The Architecture of Evil: Though He Later Claimed No Knowledge of the Holocaust, Albert Speer Became a Friend to Adolf Hitler
Examining the unique ability of engineers to make reality of dreams — and nightmares.
Someone designed the furnaces of the Nazi death camps. Someone measured the size and weight of a human corpse to determine how many could be stacked and efficiently incinerated within a crematorium. Someone sketched out on a drafting table the decontamination showers, complete with the fake hot-water spigots used to lull and deceive doomed prisoners. Someone, very well educated, designed the rooftop openings and considered their optimum placement for the cyanide pellets to be dropped among the naked, helpless men, women, and children below. This person was an engineer, an architect, or a technician. This person went home at night, perhaps laughed and played with his children, went to church on Sunday, and kissed his wife goodbye each morning.
The technical professions occupy a unique place in modern society. Engineers and architects possess skills most others lack — skills that allow them to transform dreams of design into reality. Engineers can convert a dry, infertile valley into farmland by constructing a dam to provide irrigation; they have made man fly; and architects have constructed buildings that reach thousands of feet into the sky. But these same technical gifts alone, in the absence of a sense of morality and a capacity for critical thought and judgment, can also make reality of nightmares. Ferdinand Porsche, the engineer who designed the Volkswagen — an automobile that revolutionized personal travel for the common man — also designed a terrifying battle tank that helped kill millions of Russians on the Eastern Front. Wernher von Braun, who would later design the Saturn V rocket that brought American astronauts to the Moon, designed the V-2 rockets with which the Nazis terrorized Antwerp and London in the waning months of the Second World War.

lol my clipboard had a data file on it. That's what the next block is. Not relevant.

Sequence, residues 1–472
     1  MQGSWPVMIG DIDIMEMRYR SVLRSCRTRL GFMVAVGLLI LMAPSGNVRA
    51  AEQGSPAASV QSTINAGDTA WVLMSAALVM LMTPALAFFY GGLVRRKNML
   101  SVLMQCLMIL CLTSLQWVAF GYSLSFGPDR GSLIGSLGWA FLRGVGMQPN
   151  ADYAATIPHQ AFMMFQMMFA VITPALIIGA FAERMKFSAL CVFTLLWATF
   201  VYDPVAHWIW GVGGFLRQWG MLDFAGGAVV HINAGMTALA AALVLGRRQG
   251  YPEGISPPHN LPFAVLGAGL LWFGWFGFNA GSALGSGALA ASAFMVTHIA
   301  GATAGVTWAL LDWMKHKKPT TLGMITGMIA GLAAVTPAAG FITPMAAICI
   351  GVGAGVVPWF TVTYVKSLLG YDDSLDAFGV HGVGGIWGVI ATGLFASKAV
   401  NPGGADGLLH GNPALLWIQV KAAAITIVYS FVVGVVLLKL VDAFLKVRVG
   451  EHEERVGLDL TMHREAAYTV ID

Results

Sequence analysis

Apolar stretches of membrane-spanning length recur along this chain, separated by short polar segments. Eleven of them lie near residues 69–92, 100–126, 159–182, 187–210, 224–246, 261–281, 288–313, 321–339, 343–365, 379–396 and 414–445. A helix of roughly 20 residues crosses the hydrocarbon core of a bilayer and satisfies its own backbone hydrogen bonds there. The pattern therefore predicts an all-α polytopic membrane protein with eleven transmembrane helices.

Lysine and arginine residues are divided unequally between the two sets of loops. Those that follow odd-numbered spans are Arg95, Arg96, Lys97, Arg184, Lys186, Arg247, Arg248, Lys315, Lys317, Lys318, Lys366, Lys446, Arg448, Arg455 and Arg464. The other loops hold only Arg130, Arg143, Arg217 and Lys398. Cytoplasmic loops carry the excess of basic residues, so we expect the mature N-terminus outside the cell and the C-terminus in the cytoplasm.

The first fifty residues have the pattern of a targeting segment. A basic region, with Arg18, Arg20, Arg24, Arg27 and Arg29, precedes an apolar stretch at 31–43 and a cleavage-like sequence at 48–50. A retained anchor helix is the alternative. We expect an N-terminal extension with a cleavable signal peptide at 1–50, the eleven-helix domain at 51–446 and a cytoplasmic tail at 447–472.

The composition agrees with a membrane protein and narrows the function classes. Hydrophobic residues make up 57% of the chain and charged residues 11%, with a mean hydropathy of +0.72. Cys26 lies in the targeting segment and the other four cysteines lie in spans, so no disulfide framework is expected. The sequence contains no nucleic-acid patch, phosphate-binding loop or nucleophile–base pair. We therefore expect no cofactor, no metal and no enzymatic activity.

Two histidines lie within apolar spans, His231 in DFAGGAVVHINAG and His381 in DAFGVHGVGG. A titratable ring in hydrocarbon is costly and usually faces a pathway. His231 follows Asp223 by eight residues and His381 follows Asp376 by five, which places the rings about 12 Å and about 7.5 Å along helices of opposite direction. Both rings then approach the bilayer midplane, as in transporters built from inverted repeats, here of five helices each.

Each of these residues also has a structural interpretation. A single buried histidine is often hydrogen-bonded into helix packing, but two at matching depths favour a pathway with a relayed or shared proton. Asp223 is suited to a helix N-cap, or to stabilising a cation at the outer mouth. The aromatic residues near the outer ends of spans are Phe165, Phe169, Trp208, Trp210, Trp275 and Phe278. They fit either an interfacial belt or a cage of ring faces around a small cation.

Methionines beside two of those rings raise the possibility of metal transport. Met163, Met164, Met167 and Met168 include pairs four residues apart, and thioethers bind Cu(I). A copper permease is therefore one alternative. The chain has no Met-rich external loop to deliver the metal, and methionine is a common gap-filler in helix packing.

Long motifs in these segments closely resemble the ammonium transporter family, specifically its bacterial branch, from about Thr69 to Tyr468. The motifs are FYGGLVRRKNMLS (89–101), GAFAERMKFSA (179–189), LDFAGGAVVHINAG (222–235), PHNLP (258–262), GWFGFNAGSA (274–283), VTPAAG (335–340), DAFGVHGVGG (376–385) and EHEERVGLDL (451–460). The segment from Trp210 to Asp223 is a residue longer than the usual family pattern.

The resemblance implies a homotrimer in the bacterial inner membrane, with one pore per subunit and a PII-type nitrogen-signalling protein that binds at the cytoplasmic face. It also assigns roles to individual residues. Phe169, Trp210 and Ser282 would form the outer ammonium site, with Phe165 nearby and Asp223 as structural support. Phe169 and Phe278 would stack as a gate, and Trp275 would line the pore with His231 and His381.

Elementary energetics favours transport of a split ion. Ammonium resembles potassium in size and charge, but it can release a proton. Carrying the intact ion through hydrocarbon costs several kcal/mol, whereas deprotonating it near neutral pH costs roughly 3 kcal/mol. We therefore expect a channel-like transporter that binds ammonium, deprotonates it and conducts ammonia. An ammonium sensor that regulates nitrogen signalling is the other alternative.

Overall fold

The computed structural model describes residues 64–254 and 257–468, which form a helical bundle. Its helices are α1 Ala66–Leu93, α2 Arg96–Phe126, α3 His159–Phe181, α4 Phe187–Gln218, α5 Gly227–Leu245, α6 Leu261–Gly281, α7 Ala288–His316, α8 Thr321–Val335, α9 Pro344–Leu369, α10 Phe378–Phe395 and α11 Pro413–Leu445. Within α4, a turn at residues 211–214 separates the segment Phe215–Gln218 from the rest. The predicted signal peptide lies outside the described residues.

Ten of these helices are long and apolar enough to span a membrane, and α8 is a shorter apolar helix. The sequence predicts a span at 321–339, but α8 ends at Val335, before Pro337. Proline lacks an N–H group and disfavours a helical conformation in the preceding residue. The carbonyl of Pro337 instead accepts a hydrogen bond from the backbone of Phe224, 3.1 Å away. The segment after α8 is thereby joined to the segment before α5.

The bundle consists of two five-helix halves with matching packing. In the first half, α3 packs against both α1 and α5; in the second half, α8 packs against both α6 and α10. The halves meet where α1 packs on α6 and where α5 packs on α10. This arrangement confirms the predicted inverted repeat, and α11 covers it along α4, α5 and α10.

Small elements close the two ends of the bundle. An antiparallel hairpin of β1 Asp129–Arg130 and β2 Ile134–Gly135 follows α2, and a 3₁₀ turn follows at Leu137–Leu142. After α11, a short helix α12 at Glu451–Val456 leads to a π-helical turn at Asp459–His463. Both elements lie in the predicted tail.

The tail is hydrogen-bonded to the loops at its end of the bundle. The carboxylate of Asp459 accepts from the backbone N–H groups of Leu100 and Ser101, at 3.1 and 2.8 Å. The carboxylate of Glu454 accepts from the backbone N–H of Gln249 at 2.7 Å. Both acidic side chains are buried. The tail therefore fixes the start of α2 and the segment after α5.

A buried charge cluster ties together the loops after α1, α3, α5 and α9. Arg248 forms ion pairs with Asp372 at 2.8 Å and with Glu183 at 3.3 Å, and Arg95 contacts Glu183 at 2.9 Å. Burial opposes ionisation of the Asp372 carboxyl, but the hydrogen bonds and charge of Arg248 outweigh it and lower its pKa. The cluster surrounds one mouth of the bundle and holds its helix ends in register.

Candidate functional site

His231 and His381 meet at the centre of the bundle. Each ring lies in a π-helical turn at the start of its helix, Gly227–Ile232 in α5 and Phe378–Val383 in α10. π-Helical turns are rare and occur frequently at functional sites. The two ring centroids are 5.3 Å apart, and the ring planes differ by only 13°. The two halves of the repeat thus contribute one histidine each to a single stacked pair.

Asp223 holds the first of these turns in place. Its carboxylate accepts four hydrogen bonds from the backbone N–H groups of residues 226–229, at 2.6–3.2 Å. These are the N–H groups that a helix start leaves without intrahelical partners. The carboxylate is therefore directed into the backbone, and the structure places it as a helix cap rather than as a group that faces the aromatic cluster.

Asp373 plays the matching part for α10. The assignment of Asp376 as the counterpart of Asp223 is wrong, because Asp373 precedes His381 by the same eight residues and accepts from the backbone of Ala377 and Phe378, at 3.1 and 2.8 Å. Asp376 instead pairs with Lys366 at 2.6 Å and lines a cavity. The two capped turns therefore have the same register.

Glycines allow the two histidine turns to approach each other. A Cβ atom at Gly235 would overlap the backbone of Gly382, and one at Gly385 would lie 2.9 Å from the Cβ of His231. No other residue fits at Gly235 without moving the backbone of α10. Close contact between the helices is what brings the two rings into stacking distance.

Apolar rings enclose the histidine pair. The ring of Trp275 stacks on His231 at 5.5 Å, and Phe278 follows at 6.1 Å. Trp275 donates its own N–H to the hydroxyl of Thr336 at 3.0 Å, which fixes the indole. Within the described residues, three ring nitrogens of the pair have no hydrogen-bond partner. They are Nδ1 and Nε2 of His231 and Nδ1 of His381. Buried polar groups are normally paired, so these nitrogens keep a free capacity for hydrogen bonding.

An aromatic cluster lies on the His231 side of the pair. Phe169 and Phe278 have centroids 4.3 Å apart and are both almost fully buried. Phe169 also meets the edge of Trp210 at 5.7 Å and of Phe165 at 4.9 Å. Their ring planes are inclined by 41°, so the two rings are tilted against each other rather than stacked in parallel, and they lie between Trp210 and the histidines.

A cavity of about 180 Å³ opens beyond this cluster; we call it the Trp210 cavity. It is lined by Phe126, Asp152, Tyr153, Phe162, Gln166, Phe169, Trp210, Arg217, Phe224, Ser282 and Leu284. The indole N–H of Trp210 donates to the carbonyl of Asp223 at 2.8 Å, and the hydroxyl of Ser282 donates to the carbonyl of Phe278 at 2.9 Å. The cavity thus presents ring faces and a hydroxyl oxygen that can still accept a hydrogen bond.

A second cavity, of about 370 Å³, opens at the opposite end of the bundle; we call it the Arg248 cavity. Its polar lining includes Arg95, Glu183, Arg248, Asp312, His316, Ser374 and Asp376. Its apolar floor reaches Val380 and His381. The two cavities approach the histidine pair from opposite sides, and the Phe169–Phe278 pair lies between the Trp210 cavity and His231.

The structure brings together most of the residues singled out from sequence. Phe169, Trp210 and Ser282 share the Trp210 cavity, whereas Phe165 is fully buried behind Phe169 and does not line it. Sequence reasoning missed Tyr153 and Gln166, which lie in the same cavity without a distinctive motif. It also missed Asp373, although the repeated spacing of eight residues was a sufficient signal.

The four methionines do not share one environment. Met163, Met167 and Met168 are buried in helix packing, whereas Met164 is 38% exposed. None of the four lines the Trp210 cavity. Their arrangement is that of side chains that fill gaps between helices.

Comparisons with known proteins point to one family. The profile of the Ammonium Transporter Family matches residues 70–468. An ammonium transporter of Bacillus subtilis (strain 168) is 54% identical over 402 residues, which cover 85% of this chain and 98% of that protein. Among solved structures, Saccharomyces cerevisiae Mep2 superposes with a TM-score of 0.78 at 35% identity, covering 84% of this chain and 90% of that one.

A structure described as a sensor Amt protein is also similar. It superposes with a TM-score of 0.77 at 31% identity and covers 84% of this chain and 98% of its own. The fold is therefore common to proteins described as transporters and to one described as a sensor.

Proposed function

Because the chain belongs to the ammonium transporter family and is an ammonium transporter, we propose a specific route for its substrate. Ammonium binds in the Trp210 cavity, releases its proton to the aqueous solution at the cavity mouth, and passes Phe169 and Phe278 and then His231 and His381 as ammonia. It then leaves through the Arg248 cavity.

Few men better exemplify this danger than Albert Speer, Adolf Hitler’s chief architect. From bold, looming edifices, to giant swastika banners, to the intimidating searchlights of the “cathedral of light” piercing the night sky around one of the Nazi Party rallies at Nuremberg, Speer’s designs became icons of Nazi megalomania. He shared with the dictator a vision of a redesigned Berlin that, when the Third Reich conquered the world, would be a lasting monument to its power for ages to come. “Your husband is going to erect buildings for me such as have not been created for four thousand years,” Hitler told Speer’s wife, reflecting both the scale of their shared ambition and the shared admiration and peculiar friendship that developed between the two men over the course of the war